The omicron variant is dominating the headlines. We assess the fundamentals by looking back on a big week for economic data and central bank statements.
Omicron – what we know so far
The evidence so far is anecdotal and based on laboratory experiments. With that in mind, it does seem that omicron is more transmissible but produces milder symptoms. We’ll know more later this week when lab results comparing the vaccine efficacy on the new variant are released. Of note is the Valneva vaccine where hopes are high that it will work well against omicron. The UK is attempting to reinstate a cancelled order for it and the EU have ordered 27 million doses.
But while Vaccines are the most obvious weapon against covid, treatments are also improving and the antivirals from Pfizer and MSD – so called covid pills – could be a game changer in 2022. If you take a pill after catching covid you could be 80% less likely to wind up in hospital. That means less pressure on hospitals which in turn means less restrictions, less impact on the economy and stronger equity markets.
There is much medical uncertainty but, on balance, we believe that the impact of covid and its many variants on the world economy and equity markets will be limited. It already is. We have had far more covid cases this year than in 2020 yet the according to estimates by Goldman Sachs the hit to global GDP is now just 2% compared with 20% at the worst days last year.
There will be a impact from the new restrictions and both consumers and businesses may be nervous, but they have plenty of cash to spend and spending on goods is booming. Supply shortages are easing – we can see that in falling shipping costs and the shortage of truck drivers easing. Pent up demand is meeting pent up supply, so it looks set to be a happy Christmas for many businesses.
As analysts and companies prepare their 2022 outlooks, estimates for earnings this quarter have been cut. In terms of S&P 500 sectors, estimates have been revised down over the last two weeks by 2.6% for tech, and 1.6% for non-cyclicals. Other sectors have fared a little better, but the overall pattern is negative.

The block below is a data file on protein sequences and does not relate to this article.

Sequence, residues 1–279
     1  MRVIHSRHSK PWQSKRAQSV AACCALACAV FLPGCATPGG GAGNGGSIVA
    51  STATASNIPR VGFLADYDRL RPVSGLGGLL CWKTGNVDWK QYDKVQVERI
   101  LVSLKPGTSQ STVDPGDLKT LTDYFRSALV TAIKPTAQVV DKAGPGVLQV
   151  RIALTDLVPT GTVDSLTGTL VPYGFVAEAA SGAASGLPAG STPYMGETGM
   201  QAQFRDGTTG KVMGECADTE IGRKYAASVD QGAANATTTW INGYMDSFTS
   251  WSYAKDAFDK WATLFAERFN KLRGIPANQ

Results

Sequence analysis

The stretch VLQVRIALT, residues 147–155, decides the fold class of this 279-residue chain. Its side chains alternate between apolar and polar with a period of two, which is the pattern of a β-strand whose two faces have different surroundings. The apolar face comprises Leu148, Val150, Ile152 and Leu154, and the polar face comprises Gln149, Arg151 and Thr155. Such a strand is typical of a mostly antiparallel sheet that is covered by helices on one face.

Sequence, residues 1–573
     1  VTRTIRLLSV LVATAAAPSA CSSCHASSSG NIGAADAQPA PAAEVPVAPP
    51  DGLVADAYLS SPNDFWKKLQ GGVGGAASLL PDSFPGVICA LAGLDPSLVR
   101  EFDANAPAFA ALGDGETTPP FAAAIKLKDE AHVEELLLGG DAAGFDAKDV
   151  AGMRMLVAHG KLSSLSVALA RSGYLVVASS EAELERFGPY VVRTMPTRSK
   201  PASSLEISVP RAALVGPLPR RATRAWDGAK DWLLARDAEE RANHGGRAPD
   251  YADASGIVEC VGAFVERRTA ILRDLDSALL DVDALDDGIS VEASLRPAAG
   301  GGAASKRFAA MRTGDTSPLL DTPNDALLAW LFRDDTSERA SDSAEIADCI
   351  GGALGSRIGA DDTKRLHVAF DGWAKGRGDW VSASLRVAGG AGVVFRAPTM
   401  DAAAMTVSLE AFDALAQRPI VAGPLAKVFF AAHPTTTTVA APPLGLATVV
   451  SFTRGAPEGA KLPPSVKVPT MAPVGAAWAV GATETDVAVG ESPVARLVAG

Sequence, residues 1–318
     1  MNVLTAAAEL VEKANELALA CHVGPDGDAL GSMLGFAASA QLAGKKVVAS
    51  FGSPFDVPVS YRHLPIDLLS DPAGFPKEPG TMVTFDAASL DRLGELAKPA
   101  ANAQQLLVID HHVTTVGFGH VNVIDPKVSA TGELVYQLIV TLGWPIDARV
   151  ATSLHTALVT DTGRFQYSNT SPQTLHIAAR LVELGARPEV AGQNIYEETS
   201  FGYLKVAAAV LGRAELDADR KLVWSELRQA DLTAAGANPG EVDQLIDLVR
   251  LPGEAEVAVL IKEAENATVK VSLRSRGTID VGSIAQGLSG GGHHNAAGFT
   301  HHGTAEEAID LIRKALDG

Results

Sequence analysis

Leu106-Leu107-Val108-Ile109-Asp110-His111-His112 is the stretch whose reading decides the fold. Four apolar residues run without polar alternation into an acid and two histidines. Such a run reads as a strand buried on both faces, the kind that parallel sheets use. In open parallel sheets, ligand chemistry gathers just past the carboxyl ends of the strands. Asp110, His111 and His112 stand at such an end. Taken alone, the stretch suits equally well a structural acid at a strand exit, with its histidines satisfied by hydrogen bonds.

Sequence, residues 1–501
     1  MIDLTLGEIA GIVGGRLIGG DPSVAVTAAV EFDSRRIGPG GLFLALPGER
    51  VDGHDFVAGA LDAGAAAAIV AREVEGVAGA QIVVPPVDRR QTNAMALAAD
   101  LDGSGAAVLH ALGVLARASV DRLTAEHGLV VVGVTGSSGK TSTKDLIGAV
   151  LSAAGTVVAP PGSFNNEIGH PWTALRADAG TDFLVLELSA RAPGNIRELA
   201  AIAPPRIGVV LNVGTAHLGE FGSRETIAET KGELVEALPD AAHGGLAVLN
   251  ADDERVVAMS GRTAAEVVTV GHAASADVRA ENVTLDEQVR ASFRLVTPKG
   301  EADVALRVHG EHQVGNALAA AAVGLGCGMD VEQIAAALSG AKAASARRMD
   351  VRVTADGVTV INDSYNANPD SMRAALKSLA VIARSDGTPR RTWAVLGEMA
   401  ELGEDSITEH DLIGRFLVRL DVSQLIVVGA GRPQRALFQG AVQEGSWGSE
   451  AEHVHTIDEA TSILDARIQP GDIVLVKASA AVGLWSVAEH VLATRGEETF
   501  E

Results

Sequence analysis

In terms of our current favourite indicator – corporates telling analysts to revise their estimate – we’ve seen a spike lower. These spikes have appeared before and we believe that the earnings outlook will bounce back.
The latest from central banks
There were lots of speeches from the Fed last week, notably from Jay Powell the chairman who finally conceded that the surge is US inflation was not transitory after all. This opens the way to an early lift of in Fed funds rate. But the market thinks tightening will proceed at a snail’s pace with little more than 50 bps of hikes in 2022. We think they’ll do twice that. That’s the roughly the amount of base rate rises priced into the UK and we think that is reasonable.
Will this stop the rally in risk assets? Probably not, markets usually take the early rate hikes in their stride. It’s an economic downturn that generates bear markets and given our view of the global economy, risk assets should continue to rally. Bonds by contrast, which performed relatively badly this year, look set to continue their underperformance in 2022.
Past performance is not a guide to future performance. The value of investments and any income derived from them can go down as well as up and investors may not get back the original amount invested.
The information, opinions, estimates or forecasts contained in this document were obtained from sources reasonably believed to be reliable and are subject to change at any time.